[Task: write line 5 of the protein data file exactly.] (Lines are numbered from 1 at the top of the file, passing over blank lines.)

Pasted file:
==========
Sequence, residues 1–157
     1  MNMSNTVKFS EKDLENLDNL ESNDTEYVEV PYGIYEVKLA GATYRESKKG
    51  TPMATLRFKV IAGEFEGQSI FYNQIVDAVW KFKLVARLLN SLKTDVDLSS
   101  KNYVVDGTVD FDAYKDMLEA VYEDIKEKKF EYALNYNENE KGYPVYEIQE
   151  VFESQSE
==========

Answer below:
   151  VFESQSE